by Ryan Bozeman
January 15, 2018

In the near future, cash will be obsolete and all payments will be automatically made from your smart phone. To most people living in developed nations, the prospect of mobile payments still seems a bit far-fetched. You might be somewhat familiar with mobile payments, but a huge majority of people still pay their bills and daily necessities using their debit card or cash.

That is not the case in China.

In short order, mobile payments have taken hold in China and are quickly becoming the preferred payment method among younger generations. One day, cash may be obsolete in China, and perhaps around the world. Many Chinese use apps to pay for their monthly bills, groceries, and a growing number of miscellaneous purchases from their favorite retailers.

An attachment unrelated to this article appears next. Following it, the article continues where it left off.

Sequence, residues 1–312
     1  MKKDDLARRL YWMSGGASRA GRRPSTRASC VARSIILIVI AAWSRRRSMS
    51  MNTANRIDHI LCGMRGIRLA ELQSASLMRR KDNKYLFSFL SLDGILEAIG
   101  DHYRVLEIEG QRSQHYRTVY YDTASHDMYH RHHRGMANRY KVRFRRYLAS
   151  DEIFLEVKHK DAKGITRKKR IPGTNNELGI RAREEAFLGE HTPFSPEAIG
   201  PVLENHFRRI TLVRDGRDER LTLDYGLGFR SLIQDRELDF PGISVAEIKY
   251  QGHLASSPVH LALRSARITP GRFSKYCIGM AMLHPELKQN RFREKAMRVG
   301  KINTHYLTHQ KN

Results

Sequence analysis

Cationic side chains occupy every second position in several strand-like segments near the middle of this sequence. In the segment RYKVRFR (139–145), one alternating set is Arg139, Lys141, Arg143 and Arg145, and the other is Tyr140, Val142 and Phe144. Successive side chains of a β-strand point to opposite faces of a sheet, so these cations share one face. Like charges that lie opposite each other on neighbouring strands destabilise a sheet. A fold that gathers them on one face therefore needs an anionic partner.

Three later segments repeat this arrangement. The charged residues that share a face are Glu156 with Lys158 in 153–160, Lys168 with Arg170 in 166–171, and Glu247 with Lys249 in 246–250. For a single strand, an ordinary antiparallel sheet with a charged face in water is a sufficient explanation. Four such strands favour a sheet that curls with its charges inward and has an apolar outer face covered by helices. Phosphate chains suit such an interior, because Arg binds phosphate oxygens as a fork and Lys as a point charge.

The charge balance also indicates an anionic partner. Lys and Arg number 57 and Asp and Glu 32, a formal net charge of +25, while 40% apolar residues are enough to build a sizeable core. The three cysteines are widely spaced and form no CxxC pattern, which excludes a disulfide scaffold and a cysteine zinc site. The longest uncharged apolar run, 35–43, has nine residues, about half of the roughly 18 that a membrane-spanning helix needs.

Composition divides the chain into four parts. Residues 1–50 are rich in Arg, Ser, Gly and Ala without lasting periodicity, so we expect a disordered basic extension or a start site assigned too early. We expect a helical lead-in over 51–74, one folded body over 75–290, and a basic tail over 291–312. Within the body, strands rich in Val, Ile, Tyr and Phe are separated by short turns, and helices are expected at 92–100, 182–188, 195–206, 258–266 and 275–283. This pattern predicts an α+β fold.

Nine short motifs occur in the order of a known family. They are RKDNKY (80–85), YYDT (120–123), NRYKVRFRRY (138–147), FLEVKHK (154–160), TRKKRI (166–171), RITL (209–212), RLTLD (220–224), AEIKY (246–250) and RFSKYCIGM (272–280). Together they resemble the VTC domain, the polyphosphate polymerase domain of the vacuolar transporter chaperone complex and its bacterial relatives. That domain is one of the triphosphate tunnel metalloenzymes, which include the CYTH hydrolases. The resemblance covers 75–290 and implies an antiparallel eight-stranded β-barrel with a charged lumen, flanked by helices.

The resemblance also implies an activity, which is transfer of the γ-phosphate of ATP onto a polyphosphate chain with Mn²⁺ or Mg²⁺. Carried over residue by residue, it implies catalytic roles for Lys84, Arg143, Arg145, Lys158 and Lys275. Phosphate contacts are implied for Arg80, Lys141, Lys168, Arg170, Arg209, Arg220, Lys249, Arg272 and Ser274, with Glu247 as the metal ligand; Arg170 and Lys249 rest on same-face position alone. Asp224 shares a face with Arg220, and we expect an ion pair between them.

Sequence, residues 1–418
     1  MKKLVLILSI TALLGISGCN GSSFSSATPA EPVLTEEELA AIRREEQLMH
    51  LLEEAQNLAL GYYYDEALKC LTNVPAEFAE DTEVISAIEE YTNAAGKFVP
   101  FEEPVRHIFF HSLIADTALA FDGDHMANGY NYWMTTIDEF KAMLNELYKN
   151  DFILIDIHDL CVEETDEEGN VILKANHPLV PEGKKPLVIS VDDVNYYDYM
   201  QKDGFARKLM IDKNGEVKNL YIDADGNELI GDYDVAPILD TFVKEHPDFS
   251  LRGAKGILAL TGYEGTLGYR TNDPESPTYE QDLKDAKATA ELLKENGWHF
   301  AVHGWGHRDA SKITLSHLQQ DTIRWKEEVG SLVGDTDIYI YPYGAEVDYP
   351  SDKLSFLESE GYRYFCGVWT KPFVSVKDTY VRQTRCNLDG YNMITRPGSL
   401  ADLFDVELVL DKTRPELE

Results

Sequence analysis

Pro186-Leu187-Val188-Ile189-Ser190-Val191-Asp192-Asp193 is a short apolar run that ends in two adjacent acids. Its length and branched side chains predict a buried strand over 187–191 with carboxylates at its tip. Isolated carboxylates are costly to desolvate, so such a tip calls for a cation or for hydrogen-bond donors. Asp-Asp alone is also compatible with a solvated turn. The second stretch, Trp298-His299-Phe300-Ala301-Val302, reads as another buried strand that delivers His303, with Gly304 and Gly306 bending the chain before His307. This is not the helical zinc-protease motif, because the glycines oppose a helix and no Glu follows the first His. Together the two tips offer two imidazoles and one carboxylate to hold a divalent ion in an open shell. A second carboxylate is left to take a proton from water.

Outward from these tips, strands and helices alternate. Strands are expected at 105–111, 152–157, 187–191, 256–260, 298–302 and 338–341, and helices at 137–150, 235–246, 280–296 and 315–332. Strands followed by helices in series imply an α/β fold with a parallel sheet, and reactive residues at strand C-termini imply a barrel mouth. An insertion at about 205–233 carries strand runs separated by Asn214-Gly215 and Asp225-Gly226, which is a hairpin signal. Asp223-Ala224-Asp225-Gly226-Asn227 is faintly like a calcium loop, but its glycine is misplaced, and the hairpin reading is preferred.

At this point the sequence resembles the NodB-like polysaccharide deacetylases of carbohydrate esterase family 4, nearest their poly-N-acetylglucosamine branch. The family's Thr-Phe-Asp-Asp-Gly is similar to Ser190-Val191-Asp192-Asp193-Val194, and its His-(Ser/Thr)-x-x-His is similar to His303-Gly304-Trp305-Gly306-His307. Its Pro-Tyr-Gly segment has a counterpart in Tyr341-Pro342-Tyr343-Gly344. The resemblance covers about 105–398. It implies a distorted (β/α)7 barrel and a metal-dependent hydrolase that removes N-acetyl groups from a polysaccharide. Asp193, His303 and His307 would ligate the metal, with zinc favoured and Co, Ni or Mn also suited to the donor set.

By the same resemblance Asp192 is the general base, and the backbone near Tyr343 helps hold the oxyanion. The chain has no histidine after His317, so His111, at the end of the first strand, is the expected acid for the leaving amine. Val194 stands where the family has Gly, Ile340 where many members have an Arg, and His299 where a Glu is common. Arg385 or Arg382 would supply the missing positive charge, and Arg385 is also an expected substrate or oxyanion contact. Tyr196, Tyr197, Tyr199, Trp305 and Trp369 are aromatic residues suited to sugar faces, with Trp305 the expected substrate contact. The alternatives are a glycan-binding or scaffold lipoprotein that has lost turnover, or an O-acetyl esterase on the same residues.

China’s obsession with mobile payments solution started with Alibaba launched AliPay, a PayPal-like service that quickly began to dominate China’s mobile payments market. Today, the market features several apps and is worth more than $5.5 trillion per year. China’s mobile payments sector is more than 50 times larger than that of the United States.

Currently, the bulk of the market share is split between AliPay and Tencent (AliPay and WeChat developers), with a handful of smaller apps vying for their own place in the market:

Mobile Payment Growth in China

Despite the fact that the mobile payment market in China is already the largest in the world, it still sees significant growth with each passing year as China’s 1.3 billion people begin to adopt the technology.

Take a look at the growth of mobile payment platforms in China: